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The President then asked, Where would you be if a conference does take place? To which I replied that, all being well, I shall see that I find myself on the spot where the conference does take place.

Mr. Welles then asked the President whether he would like to send someone to Ibn Saud to prepare the ground, to which the President said that that would be an excellent idea, but Mr. Churchill must be consulted first, and his agreement secured. Several names were mentioned in this connection, like Philby74 and Mr. Hoskins. Mr. Welles suggested that Mr. Hoskins may serve us well in this capacity.

Dr. Weizmann then took the opportunity of reverting again to the main problem by suggesting that the present situation is most unsatisfactory and dangerous, and these 500,000 Jews in Palestine have begun to feel themselves in a trap, and this, added to the general position of Jewry, naturally creates a very serious state of mind, and the sooner this position is settled and the Jews know that there is a future for them in Palestine, the better. The idea that the Arabs would revolt is always there and I do not think that it would materialize if the Arabs would really feel that the democracies really mean business.

The President then raised the question of the difficulty of finding Arab leaders, to which I said that that is a really serious difficulty. When there was a competent and authoritative leader, it was not difficult for him and myself to come to a very important agreement,—and I briefly told the story of my first talk with Feisal75 and Lawrence,76—which obviously was new to the President.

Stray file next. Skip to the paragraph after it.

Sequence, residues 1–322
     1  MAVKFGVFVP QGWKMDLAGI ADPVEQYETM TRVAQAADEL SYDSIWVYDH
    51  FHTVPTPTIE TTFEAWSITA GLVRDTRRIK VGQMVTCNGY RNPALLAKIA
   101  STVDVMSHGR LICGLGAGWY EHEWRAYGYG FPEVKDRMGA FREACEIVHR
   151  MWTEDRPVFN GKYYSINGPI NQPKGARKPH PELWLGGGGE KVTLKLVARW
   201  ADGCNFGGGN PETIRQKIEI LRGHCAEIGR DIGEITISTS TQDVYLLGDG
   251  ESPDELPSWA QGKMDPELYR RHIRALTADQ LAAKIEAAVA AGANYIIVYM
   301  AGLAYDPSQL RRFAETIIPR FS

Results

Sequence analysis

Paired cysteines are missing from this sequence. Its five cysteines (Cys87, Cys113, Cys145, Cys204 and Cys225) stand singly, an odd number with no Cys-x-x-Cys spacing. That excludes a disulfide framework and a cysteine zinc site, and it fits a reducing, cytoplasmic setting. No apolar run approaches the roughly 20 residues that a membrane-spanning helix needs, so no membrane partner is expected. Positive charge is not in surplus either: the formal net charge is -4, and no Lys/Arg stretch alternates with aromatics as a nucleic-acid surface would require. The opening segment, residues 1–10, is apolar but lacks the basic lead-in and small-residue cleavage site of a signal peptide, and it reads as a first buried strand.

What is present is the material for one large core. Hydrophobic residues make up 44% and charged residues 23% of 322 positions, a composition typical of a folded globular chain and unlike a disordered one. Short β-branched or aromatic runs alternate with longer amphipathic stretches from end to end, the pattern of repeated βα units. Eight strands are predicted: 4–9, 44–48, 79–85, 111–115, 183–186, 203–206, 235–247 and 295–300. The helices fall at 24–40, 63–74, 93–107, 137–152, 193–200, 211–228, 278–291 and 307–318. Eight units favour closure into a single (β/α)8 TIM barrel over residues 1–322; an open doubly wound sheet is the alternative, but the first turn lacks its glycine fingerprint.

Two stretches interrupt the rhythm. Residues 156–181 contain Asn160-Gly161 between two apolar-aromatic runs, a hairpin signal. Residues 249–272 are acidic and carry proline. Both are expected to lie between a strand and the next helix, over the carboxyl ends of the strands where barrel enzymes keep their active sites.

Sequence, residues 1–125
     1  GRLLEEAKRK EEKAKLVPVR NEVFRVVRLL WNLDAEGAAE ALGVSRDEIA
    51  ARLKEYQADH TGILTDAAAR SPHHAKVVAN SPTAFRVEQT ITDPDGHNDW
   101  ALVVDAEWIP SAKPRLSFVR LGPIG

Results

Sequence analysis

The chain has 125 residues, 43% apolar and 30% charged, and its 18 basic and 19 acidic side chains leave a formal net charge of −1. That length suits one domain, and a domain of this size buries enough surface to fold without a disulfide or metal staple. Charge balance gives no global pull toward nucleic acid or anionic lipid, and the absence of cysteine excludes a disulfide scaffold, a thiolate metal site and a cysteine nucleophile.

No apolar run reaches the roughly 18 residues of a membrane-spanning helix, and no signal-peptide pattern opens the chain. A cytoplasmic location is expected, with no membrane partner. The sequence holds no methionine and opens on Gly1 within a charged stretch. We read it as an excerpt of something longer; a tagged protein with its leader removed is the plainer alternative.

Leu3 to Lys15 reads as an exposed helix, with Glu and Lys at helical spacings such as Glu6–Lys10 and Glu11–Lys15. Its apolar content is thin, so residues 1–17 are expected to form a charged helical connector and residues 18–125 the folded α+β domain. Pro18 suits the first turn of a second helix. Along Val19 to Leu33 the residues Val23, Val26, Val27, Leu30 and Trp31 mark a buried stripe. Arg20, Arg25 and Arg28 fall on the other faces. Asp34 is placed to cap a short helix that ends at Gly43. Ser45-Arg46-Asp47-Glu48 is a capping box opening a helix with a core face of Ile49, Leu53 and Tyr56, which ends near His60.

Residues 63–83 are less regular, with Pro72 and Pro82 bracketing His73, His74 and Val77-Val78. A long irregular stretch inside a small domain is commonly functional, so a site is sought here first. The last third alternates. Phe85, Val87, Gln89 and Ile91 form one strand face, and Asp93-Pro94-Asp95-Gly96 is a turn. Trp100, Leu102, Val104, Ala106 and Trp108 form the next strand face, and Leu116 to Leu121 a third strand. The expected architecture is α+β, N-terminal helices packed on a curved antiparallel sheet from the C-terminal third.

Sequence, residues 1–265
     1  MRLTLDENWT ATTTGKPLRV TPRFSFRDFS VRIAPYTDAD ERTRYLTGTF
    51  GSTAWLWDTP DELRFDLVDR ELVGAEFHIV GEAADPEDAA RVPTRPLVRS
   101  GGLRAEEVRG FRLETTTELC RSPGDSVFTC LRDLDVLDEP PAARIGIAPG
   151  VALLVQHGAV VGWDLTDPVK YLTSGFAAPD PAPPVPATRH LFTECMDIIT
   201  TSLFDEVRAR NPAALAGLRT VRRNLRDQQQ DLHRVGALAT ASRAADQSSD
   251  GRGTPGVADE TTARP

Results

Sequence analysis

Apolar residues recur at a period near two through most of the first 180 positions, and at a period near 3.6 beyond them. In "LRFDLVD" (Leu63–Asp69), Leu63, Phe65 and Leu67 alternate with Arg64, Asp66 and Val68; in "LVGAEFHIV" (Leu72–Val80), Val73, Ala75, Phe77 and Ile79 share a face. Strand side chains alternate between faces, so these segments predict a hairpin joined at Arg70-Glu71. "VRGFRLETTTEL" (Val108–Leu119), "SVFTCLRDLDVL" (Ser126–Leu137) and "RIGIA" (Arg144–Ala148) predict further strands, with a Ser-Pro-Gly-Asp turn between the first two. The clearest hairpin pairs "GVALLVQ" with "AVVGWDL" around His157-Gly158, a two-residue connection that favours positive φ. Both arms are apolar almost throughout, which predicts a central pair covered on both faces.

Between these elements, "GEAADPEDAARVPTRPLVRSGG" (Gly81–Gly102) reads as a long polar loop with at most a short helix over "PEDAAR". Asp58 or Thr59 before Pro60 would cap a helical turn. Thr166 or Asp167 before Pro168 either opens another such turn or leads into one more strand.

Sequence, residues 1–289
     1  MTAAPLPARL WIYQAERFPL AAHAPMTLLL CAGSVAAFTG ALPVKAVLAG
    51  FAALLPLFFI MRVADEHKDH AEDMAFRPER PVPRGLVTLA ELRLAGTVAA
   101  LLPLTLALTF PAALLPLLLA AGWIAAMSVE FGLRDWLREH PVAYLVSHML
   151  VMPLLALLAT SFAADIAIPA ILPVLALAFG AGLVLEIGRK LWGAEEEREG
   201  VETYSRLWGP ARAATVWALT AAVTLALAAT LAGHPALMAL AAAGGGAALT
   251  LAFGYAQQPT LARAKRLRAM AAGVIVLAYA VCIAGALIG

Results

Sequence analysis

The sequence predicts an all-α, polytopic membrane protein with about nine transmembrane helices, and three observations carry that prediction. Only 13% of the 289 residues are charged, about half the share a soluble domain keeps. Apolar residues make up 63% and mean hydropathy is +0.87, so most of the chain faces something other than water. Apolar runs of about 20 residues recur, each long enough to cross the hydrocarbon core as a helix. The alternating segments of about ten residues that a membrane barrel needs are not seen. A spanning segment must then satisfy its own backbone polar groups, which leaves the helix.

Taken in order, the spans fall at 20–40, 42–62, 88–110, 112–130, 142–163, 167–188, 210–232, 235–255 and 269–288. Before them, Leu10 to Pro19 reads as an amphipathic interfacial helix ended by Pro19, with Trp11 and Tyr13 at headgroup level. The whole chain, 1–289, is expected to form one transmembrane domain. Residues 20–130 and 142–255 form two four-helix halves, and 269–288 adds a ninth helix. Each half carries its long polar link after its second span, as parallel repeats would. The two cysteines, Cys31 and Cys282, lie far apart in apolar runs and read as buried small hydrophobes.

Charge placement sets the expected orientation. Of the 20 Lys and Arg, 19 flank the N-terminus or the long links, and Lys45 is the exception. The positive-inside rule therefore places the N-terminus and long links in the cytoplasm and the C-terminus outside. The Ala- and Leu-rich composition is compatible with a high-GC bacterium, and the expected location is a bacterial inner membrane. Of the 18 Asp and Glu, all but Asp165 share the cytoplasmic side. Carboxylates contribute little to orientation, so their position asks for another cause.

That terminated the interview, which lasted about a short hour. I thanked Mr. Welles most warmly in the presence of the President for the great kindness and services which he has rendered in this difficult situation, and when Mr. Welles took leave from me outside the gates of the White House I again thanked him, to which Mr. Welles said: You should know, Dr. Weizmann, that I am deeply interested.

On our way out of the office Mr. Welles said that I may hear from him in about six weeks, and that if I want to communicate something to him I can do it through Ambassador Winant.

  1. In a memorandum of September 21 to the Secretary of State, forwarding the Weizmann memorandum, the Adviser on Political Relations (Murray) wrote: “The original of this memorandum was prepared by Dr. Weizmann for the British Foreign Office and a copy of it was furnished to Colonel Harold Hoskins during his recent visit to Saudi Arabia on a special mission for the President. As far as I am aware, no other record exists of these important conversations regarding the future of Palestine which took place in the White House last June.” (867N.01/1993½)
  2. Winston S. Churchill, British Prime Minister.
  3. The so-called London conferences, or Round Table Conference, of February–March, 1939; see Foreign Relations, 1939, vol. iv, pp. 694810, passim.
  4. The United Nations Conference on Food and Agriculture, held at Hot Springs, Virginia, May 18–June 3; for correspondence regarding this Conference, see vol. i, pp. 820 ff.
  5. H. St. John Philby, British Orientalist, formerly British Political Agent and later personal adviser to King Ibn Saud.
  6. A son of Hussein, Sherif of Mecca and leader of the Arab Revolt of 1916 against Ottoman Turkey, Feisal was briefly King of Syria (Greater Syria) in 1920 and King of Iraq, 1921–33.
  7. Col. Thomas Edward Lawrence (Lawrence of Arabia), British Army officer who won fame as an organizer of the Arab Revolt of 1916.